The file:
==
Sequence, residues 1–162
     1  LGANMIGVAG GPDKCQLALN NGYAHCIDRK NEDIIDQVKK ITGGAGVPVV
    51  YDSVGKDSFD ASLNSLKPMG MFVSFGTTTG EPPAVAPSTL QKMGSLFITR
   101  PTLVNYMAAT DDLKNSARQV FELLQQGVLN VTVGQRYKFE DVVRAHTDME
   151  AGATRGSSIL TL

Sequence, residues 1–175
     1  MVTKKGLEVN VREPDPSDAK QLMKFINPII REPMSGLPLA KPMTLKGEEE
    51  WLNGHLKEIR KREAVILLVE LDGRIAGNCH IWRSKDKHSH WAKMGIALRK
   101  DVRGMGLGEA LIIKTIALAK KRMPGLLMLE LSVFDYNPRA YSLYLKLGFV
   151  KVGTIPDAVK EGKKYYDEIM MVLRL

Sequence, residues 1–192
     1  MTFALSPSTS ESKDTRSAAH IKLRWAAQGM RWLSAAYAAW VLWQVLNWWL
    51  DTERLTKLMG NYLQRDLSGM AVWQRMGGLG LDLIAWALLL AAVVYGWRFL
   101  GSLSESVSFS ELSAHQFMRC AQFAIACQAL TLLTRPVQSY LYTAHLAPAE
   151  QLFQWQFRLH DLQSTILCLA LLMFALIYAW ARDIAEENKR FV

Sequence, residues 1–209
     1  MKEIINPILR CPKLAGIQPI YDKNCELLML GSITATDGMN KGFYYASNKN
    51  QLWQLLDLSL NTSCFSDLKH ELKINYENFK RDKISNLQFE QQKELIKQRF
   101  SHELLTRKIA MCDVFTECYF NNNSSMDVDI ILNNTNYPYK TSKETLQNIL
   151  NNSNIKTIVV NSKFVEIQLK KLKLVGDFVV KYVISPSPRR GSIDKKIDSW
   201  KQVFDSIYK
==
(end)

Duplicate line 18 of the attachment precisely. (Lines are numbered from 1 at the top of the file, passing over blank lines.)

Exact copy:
    51  QLWQLLDLSL NTSCFSDLKH ELKINYENFK RDKISNLQFE QQKELIKQRF